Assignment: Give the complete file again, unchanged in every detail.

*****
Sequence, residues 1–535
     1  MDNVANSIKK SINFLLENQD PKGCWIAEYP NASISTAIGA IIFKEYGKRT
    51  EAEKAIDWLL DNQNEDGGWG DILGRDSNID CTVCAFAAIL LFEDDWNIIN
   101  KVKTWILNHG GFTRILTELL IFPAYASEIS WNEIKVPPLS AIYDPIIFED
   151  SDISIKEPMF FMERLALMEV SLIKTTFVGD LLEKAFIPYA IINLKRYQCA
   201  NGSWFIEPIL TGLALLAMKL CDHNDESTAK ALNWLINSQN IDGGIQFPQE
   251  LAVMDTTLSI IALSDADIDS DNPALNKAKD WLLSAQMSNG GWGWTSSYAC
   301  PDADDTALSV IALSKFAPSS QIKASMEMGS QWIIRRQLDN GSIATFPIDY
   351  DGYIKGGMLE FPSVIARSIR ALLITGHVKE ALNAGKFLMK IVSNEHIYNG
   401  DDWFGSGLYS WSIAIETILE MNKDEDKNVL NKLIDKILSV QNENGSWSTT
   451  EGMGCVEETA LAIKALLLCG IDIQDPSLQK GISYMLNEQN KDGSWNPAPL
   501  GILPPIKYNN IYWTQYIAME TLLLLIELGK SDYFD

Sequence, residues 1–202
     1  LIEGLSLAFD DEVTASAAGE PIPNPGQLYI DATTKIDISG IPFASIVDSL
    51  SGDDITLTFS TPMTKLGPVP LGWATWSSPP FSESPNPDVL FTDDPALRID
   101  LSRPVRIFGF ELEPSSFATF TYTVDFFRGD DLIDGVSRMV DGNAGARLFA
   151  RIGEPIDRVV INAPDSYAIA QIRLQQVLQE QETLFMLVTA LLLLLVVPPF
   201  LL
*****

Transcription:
Sequence, residues 1–535
     1  MDNVANSIKK SINFLLENQD PKGCWIAEYP NASISTAIGA IIFKEYGKRT
    51  EAEKAIDWLL DNQNEDGGWG DILGRDSNID CTVCAFAAIL LFEDDWNIIN
   101  KVKTWILNHG GFTRILTELL IFPAYASEIS WNEIKVPPLS AIYDPIIFED
   151  SDISIKEPMF FMERLALMEV SLIKTTFVGD LLEKAFIPYA IINLKRYQCA
   201  NGSWFIEPIL TGLALLAMKL CDHNDESTAK ALNWLINSQN IDGGIQFPQE
   251  LAVMDTTLSI IALSDADIDS DNPALNKAKD WLLSAQMSNG GWGWTSSYAC
   301  PDADDTALSV IALSKFAPSS QIKASMEMGS QWIIRRQLDN GSIATFPIDY
   351  DGYIKGGMLE FPSVIARSIR ALLITGHVKE ALNAGKFLMK IVSNEHIYNG
   401  DDWFGSGLYS WSIAIETILE MNKDEDKNVL NKLIDKILSV QNENGSWSTT
   451  EGMGCVEETA LAIKALLLCG IDIQDPSLQK GISYMLNEQN KDGSWNPAPL
   501  GILPPIKYNN IYWTQYIAME TLLLLIELGK SDYFD

Sequence, residues 1–202
     1  LIEGLSLAFD DEVTASAAGE PIPNPGQLYI DATTKIDISG IPFASIVDSL
    51  SGDDITLTFS TPMTKLGPVP LGWATWSSPP FSESPNPDVL FTDDPALRID
   101  LSRPVRIFGF ELEPSSFATF TYTVDFFRGD DLIDGVSRMV DGNAGARLFA
   151  RIGEPIDRVV INAPDSYAIA QIRLQQVLQE QETLFMLVTA LLLLLVVPPF
   201  LL